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  • In Lowering the Bar, Ray Neighbor agonizes about his Cowbird love life. He ends up feeling OK about loving less-than-perfect literary creations. I want Ray to know this isn't just his problem. We all wonder whether some stories deserve our bespoke love.

    In Collaboration, sprouted from Alex's COMPETITION, I suggested ways for Cowbird writers and readers to improve their love lives. I'll say it again. Whatever clicking a heart means for the clicker, it can't be known by the clickee.

    Here are some possible interpretations of any given Love:

    • I think the author is a beautiful person
    • The story is really well written
    • Its subject matter grips me
    • I resonate with the feelings it expresses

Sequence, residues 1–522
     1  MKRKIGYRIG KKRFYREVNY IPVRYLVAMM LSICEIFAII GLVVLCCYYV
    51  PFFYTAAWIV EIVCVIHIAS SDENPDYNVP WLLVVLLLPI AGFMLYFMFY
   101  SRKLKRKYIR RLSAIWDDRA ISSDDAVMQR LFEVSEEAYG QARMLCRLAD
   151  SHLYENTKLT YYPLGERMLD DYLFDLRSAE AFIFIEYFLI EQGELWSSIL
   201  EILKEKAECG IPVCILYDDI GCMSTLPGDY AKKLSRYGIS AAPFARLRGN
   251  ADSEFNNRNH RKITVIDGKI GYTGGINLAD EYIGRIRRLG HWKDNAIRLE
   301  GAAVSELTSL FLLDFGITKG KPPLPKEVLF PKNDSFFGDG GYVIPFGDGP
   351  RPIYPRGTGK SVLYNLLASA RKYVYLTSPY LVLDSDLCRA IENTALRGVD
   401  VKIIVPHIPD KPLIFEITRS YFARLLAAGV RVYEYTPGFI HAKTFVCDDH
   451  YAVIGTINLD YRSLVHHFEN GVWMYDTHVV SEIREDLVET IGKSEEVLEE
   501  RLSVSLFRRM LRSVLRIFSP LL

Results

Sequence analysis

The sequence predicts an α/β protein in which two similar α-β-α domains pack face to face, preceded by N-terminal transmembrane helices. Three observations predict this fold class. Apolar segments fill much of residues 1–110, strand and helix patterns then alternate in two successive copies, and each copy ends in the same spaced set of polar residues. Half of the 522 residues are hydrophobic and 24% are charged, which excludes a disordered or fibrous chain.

• I had a similar experience
    • It's a great use of a literary form
    • It has a beginning, middle, and end
    • It's well-thought-out and structured
    • It's an authentic stream of consciousness
    • It isn't trite or maudlin

    How many of the above need to be true to click the heart? If a bunch of them are true, how do you communicate the intensity of your love? The only way I know is to Love-Unlove several times, so at least the author will see that you mean business. Some people have been seen doing this.

    Otherwise, we authors should be prepared to guess what lies in the hearts of others, as in life.

    @image: binary heart by tomado de
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